Bigger Isn’t Always Better
|By monitoring the color of reflected light via satellite, scientists can determine how successfully plant life is photosynthesizing. A measurement of photosynthesis is essentially a measurement of successful growth, and growth means successful use of ambient carbon. Following three years of continual data collected by the SeaWiFS instrument, NASA has gathered the first record of photosynthetic productivity in the oceans.
Credit: NASA Scientific Visualization Studio
Researchers at Oregon State University and Diversa Corporation have discovered that the smallest free-living cell known also has the smallest genome, or genetic structure, of any independent cell – and yet it dominates life in the oceans, thrives where most other cells would die, and plays a huge role in the cycling of carbon on Earth. In nature, apparently, bigger is not always better.
Publishing in the journal Science, scientists outlined the growing knowledge about SAR11, a group of bacteria so dominant that their combined weight exceeds that of all the fish in the world’s oceans. In a marine environment that’s low in nutrients and other resources, they are able to survive and replicate in extraordinary numbers — a milliliter of sea water off the Oregon coast might contain 500,000 of these cells.
"The ocean is a very competitive environment, and these bacteria apparently won the race," said Stephen Giovannoni, an OSU professor of microbiology. "Our analysis of the SAR11 genome indicates that they became the dominant life form in the oceans largely by being the simplest."
The new study outlines how SAR11 has one of the most compact, streamlined genomes ever discovered, with only 1.3 million base pairs — the smallest ever found in a free living organism, and a number that’s literally tiny compared to something like the human genome.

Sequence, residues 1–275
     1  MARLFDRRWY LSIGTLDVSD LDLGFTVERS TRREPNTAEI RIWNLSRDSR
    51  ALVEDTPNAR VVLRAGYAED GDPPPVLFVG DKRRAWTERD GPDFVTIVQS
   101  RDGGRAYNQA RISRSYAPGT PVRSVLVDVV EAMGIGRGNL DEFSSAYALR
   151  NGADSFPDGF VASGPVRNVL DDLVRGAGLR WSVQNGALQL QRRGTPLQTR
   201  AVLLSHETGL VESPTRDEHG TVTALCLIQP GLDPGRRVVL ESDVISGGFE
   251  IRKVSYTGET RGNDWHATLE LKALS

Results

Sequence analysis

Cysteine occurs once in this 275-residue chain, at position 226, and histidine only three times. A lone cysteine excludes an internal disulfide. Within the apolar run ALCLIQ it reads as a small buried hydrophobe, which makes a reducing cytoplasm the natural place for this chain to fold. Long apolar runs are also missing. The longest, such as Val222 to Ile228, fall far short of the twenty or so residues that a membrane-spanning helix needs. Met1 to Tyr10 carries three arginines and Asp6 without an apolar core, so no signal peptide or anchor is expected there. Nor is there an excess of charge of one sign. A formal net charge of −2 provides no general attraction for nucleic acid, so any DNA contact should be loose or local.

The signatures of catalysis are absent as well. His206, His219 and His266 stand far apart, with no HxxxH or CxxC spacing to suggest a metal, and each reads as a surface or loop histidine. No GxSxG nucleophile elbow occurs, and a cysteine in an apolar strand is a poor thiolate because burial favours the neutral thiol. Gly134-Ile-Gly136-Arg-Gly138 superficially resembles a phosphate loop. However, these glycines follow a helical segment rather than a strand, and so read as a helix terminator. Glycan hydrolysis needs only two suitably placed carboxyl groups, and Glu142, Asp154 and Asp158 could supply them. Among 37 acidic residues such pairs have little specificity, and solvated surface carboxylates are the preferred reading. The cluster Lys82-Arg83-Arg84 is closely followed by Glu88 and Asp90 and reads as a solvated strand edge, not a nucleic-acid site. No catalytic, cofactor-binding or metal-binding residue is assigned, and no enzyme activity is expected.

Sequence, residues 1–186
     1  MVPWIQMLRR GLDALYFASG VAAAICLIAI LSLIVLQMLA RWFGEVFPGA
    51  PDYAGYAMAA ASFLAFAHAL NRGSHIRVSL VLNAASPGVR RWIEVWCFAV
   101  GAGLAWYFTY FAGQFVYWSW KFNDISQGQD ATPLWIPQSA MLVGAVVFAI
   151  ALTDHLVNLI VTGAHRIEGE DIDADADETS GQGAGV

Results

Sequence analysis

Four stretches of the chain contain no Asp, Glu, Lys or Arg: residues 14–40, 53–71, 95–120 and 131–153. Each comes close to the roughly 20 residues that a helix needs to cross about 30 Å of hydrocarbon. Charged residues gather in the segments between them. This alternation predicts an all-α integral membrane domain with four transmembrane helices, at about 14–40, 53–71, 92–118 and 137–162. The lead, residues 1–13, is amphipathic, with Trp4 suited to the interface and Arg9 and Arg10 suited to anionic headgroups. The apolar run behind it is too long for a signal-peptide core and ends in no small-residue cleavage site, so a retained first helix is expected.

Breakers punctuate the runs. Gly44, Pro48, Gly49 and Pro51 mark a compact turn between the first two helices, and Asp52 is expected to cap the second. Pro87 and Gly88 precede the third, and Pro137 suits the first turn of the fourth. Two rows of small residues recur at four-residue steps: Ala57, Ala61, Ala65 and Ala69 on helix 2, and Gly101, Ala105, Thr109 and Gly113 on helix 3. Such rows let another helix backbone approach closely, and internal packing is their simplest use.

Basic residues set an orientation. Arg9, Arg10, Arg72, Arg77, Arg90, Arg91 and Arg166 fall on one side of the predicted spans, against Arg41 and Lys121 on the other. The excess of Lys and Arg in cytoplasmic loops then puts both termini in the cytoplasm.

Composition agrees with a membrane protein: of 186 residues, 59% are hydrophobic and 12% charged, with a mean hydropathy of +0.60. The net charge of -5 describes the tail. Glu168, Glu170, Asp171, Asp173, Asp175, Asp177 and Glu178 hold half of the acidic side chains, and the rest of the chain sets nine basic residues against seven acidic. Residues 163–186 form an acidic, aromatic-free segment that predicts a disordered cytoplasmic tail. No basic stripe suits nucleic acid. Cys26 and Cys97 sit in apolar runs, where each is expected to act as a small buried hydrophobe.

"SAR11 has almost no wasted DNA," Giovannoni said. "This organism is extremely small and efficient. Every genetic part serves a purpose, more so than any other genome we’ve studied."
The organism is able to survive as an unattached cell in a hostile environment, has a complete set of biosynthetic pathways, and can reproduce efficiently by consuming dissolved organic matter.
"By comparison, humans are mostly junk DNA, with large parts of the human genome having no important function," Giovannoni said.
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This type of genome streamlining, researchers say, appears to be a major factor in the evolutionary success of SAR11, which they believe may have been thriving for a billion years or more. One scientific hypothesis holds that natural selection acts to reduce genome size because of the metabolic burden of replicating "junk" DNA with no adaptive value. SAR11 supports that theory.
Researchers are particularly interested in SAR11, Giovannoni said, because of the critical role it plays in geochemistry. Photosynthesis is a process used by plants to convert sunlight energy into organic molecules, creating the foundation of the food chain and producing oxygen. About half of photosynthesis and the resulting oxygen on Earth are produced by algae in the ocean, and microbes like SAR11 recycle organic carbon – producing the nutrients needed for algal growth.
"Ultimately, SAR11 through its sheer abundance plays a major role in the Earth’s carbon cycle," Giovannoni said. "Quite simply, this is something we need to know more about. SAR11 is a major consumer of the organic carbon in the oceans, which nearly equals the amount of carbon dioxide in the atmosphere. The carbon cycle affects all forms of plant and animal life, not to mention the atmosphere and fossil fuel formation."
SAR11 was first discovered at OSU in 1990. Since then researchers have learned that populations of SAR11 increase during the summer and decrease during the winter, in a cycle that correlates to the ebb and flow of organic carbon in the ocean surface. Molecular probes, gene cloning, sequencing techniques and other tools have been used in this exploration.